For most people September means summer is over and it’s time to get back into the swing of “real” life. The fall months are upon us, most students are back to school and the weather is changing. At Saddlerock Ranch, in Malibu, it means grape harvest is in full swing and its showtime!
It’s truly the culmination of all the tedious and labor-intensive work over the last year. The Sauvignon Blanc grapes are the first varietal to come in and shortly after, the Syrah grapes for sparkling. Deciding when to pick your grapes (harvest) is a lengthy process that can take up to two months to complete. One might think you just taste the grapes and if they’re to your liking, you pick. If only it were that easy!
First, you need to establish your winemaking profile. Do you want sweet wine? Red or white? A heavy oak influence? More mineral flavors? It is all up to the winemaker and what product they are trying to produce. The Semler Estate wines for example have a sandy loam soil that makes their vines vigorous and therefore their wines aromatic with crisp tannins, going for bold structure with an easy complexity. How will this translate into their vineyard picks? Easy peasy.
For whites, measure the brix (sugar content) and acid of the grapes starting in late July, early August. The sugar directly relates to alcohol. When a wine ferments, it converts that sugar into alcohol. You don’t want your sugar to be too high or low because it will in turn have an undesirable alcohol potential. Usual levels of sugar for white grape varietals is between 19 and 24, with the sugar increasing by 1 degree every week with ideal weather conditions. The common formula for alcohol potential is taking your brix level and multiplying that number by a range of 0.55-0.65. Depending on nutrient additions and the length of your fermentation, your alcohol will between 11%-14ish%. The acid is what’s going to give your wine a strong backbone and tannin. Wine needs this to support your sugar and alcohol.
Red fruit needs more time to ripen which is why it hangs longer on the vine. You want your sugar to be between 23-26 brix. But once again, that is determined by your winemaking profile.
For sparkling wines, which can be made from both white and red grapes, has a slightly different course. Grapes used to make sparkling are commonly harvested first. These grapes, in this case, the Semler Syrah, are going to be picked at a lower sugar level with a much higher acidity. The reasoning behind this has to do with the fermentation processes. In sparkling winemaking, the wine goes through several fermentations. The primary fermentation is when your yeasts convert that sugar I mentioned earlier into alcohol. After your base wine is made, sugar is then added to the wine (procedure called dosage) to balance out all the acid. Since there are so many stages of making a sparkling, it’s easy for your higher initial acid to get depleted, which is why you want a lot of it at the first harvest. Your brix level for sparkling grapes can start at 16 and range to 20 degrees.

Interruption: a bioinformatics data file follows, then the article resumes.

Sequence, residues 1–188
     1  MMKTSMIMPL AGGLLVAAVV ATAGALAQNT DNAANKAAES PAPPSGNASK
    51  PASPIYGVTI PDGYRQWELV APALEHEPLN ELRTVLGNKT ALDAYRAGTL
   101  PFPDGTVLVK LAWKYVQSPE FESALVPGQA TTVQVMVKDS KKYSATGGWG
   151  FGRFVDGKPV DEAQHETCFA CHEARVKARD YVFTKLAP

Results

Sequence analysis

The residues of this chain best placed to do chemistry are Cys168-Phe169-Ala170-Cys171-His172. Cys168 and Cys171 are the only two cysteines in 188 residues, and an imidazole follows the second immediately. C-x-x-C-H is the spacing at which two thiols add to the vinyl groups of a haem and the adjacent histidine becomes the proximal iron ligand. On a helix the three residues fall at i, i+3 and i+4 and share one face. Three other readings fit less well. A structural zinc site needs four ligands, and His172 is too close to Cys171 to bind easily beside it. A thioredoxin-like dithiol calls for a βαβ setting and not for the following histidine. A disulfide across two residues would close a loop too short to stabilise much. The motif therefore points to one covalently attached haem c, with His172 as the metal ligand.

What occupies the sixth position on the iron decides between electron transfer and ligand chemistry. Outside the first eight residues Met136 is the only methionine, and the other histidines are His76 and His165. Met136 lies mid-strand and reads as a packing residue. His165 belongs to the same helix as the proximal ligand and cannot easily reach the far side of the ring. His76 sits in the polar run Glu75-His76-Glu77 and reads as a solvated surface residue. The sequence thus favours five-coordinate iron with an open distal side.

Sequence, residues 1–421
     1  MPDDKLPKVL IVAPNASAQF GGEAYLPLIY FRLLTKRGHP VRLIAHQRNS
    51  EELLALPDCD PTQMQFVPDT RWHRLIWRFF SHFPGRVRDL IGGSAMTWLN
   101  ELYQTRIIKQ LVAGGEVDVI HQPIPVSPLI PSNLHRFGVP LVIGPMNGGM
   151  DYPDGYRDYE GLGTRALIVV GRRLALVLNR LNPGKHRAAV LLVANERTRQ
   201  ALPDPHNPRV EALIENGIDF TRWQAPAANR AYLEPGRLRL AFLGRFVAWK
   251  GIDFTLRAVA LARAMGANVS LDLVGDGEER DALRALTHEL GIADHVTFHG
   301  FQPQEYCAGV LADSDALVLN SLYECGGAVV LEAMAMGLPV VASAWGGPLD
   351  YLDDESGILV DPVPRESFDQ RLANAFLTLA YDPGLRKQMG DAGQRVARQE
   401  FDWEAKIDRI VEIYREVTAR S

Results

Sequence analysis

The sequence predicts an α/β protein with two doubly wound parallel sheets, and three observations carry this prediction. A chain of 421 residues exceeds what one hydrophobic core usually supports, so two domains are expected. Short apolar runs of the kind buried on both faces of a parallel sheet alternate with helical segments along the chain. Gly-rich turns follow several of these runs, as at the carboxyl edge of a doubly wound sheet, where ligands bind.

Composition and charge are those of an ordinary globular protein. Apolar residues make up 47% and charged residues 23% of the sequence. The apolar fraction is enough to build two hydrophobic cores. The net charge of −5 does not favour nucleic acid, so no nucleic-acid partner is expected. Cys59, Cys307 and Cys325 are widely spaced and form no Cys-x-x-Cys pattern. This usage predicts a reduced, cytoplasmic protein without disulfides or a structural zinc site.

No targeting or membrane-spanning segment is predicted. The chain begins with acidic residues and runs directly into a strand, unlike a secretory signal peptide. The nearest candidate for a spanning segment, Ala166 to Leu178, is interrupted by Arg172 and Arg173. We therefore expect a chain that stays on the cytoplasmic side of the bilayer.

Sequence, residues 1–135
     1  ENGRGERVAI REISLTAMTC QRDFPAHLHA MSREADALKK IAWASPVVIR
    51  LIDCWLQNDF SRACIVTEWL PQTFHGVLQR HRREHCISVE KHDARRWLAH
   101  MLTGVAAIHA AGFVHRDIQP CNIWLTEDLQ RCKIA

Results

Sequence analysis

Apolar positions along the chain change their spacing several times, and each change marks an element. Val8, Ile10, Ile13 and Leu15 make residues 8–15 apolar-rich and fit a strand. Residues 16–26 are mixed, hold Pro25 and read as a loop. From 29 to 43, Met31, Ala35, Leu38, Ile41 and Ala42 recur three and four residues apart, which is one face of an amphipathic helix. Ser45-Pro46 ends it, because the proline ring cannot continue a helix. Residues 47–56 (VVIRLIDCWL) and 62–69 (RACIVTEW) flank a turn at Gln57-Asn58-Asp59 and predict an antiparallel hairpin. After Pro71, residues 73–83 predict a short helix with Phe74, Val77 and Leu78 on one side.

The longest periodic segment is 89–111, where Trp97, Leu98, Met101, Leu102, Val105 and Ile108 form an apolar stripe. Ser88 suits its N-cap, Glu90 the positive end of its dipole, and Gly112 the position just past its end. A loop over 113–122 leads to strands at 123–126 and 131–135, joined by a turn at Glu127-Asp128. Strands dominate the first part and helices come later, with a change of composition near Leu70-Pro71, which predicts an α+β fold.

So what the heck to do with all these grapes now that they’re off the vine? Well it’s time to crush them! I know you’re picturing sweet Lucille Ball awkwardly stomping grapes with her toes, unsure if that’s what she should be doing. Essentially, yes. Hygienically, no. In modern times and in North America, winemakers use a press. This press comes in all shapes and sizes, catering to your winemaking profile and your crush capacity (how many tons your permit allows you to crush).
A quick rundown on the crushing differences between reds and whites-
Whites will get raked into a bladder press; juice is collected and brought to tank. A wine gets its color from skins so white fruit and juice do not have a long contact time as it could result in a darker, brownish colored white wine. Over the course of time, the wine will sit in tank, start fermentation, get clarified, sit in barrel or stainless steel, get filtered and then bottled, lasting anywhere from 5 to 10 months.
Reds are more intricate. These grapes will be sorted, run through a de-stemmer, sit in tank for color extraction that could last for days to weeks, sometimes with a fermentation, and eventually pressed. This juice is brought to tank, gets racked (taking the yeast fermentation skeletons out), ages in barrel, gets filtered, ages in bottle, taking up to 2 years to come to fruition.
If you’re thinking winemakers must be crazy, you are 100% correct. Making wine is an intense and grueling industry that you have to be patient with. I know I’m personally in the industry because of how gratifying the end result is. It has made me appreciate my wines much more and reconsider buying the cheaper bottles. Now that you’ve been briefly educated, next time you’re in the grocery store and you see that jackpot $4/bottle price tag, maybe rethink your purchase. Head out to Malibu Wines and get your hands on a pricier bottle where you can literally taste the fruit of all our labors.
By: Lillie Manescala, Vineyard Production Coordinator